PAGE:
Editor's note

This publication was scheduled for release before the news of the death of ISIS leader Abu Bakr Al-Baghdadi. In light of this news, we felt it even more important to release this paper to contrast the way the concept of the Caliphate lives in the Islamic tradition and many Muslim minds with the image in the Western imagination evoked by the brutality of ISIS.

Author Acknowledgments

I am indebted to a number of scholars and friends who painstakingly read earlier drafts of this essay and gave invaluable suggestions, even though I remain solely responsible for all the opinions and any lingering errors in it. These include Zara Khan, Jonathan Brown, Omar Anchassi, Mohammed El-Sayed Bushra, Carl Sharif El-Tobgui, and Mobeen Vaid, among others. Each of these went above and beyond to provide numerous line-by-line suggestions, corrections, and references. My heartfelt gratitude goes also to the leadership of Yaqeen who encouraged me to write on this challenging topic, and to the numerous students in various places from North America to nearly every Muslim country to whom I have taught this material in various formats, and whose questions, insights, and aspirations have been its real inspiration.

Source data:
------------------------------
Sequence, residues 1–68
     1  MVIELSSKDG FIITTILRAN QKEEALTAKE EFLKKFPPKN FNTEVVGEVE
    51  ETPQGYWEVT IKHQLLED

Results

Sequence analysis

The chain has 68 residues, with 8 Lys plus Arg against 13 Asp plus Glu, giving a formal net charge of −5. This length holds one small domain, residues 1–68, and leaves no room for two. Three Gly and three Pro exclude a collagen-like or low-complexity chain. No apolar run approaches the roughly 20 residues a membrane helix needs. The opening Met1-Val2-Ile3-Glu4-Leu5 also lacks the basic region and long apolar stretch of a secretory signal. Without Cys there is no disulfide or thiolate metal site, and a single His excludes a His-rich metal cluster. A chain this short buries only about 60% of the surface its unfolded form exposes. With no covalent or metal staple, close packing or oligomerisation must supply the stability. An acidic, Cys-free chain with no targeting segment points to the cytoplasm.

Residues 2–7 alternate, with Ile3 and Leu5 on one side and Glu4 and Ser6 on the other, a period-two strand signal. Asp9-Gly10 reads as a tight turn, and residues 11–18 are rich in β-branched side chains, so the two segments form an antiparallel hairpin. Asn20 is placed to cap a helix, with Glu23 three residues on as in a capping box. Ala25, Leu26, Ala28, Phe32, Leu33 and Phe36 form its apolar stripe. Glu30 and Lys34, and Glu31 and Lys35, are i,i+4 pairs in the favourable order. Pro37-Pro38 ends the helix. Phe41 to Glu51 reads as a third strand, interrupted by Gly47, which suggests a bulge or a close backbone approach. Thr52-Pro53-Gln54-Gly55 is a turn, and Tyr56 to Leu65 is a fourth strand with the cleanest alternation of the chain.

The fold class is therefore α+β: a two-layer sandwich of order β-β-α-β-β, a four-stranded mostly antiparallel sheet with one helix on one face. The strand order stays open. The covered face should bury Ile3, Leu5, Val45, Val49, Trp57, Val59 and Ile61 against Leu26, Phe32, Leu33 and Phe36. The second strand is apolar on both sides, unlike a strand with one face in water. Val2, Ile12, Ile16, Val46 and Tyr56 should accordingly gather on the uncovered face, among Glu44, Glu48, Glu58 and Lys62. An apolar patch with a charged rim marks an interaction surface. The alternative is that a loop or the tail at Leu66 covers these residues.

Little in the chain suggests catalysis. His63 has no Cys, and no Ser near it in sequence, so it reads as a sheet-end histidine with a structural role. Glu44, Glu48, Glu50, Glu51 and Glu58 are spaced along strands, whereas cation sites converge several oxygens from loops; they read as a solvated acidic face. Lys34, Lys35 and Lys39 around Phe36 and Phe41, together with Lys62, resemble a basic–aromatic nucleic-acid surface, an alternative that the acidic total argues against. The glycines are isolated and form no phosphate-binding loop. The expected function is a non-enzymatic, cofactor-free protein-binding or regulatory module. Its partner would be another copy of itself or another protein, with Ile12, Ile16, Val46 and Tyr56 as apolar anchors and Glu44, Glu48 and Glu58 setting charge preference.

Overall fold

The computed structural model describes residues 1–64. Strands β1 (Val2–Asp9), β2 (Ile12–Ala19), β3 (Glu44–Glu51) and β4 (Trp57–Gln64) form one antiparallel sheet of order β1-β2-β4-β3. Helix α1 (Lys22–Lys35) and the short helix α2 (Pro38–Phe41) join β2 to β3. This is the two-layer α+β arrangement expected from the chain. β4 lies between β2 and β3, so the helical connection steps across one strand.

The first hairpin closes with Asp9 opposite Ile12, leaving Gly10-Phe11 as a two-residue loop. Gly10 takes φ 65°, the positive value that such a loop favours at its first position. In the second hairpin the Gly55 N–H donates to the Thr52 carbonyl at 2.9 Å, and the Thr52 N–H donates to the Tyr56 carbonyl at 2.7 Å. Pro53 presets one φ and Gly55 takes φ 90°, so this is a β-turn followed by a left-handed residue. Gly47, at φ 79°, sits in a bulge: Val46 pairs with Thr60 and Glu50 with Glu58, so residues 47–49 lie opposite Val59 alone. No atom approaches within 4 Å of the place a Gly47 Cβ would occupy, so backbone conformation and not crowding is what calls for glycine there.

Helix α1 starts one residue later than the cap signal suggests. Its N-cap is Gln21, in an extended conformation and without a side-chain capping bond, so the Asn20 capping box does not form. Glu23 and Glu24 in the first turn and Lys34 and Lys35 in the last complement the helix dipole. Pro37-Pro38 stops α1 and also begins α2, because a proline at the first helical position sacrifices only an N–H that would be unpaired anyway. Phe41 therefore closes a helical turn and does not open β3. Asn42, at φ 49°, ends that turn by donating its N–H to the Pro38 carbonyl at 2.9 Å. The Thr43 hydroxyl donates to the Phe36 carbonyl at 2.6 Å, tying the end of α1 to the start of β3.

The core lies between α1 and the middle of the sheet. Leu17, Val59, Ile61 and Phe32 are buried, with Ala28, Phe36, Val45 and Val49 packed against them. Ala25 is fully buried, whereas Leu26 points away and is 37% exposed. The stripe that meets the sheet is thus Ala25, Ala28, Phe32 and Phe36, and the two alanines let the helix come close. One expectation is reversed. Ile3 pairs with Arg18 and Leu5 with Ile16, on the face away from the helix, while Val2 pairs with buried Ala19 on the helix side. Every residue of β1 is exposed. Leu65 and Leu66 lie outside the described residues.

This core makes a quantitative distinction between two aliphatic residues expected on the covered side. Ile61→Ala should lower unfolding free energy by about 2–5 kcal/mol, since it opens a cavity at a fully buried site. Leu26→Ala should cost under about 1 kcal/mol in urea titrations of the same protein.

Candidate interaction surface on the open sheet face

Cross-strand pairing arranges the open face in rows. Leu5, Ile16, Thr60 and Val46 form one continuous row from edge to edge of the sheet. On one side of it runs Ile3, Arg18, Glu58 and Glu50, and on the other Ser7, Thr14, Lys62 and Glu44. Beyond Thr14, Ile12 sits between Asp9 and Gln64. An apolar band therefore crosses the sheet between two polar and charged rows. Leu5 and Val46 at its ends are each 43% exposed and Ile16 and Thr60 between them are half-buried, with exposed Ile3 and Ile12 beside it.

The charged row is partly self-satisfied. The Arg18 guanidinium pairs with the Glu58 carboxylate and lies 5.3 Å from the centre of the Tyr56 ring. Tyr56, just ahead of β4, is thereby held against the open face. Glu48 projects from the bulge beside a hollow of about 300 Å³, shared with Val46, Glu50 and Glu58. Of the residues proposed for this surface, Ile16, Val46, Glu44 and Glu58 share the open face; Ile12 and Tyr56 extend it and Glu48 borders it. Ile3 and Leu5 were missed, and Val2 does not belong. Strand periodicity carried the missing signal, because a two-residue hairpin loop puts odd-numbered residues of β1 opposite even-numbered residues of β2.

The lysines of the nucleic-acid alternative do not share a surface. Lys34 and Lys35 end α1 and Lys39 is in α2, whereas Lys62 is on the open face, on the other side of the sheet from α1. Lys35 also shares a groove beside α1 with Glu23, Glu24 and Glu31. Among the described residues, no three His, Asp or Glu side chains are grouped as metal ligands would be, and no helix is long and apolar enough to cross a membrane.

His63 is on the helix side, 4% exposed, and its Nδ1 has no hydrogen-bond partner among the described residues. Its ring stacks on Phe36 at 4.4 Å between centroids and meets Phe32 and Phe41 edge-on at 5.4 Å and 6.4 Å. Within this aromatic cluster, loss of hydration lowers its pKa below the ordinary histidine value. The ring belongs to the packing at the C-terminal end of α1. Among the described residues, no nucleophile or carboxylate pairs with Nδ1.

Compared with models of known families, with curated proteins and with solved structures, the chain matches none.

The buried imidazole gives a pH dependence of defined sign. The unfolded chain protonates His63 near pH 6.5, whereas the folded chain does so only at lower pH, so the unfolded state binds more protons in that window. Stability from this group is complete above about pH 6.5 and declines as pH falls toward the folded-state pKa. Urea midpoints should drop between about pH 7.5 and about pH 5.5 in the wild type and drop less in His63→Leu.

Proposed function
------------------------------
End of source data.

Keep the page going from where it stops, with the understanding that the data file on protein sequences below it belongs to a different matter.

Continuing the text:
Who Wants the Caliphate?

Dreams, pasts, and futures

The flowing blood

An absolutist theocracy or a tolerant Islamic union?

The past: History and normative tradition

The five historical models of the caliphate

The theory of the caliphate

Caliphate is not kingship

The loss

Did the Prophet ﷺ establish a state?

Longing for the caliphate

The present: Failing states

The secular theology of the modern state

Looking ahead

Notes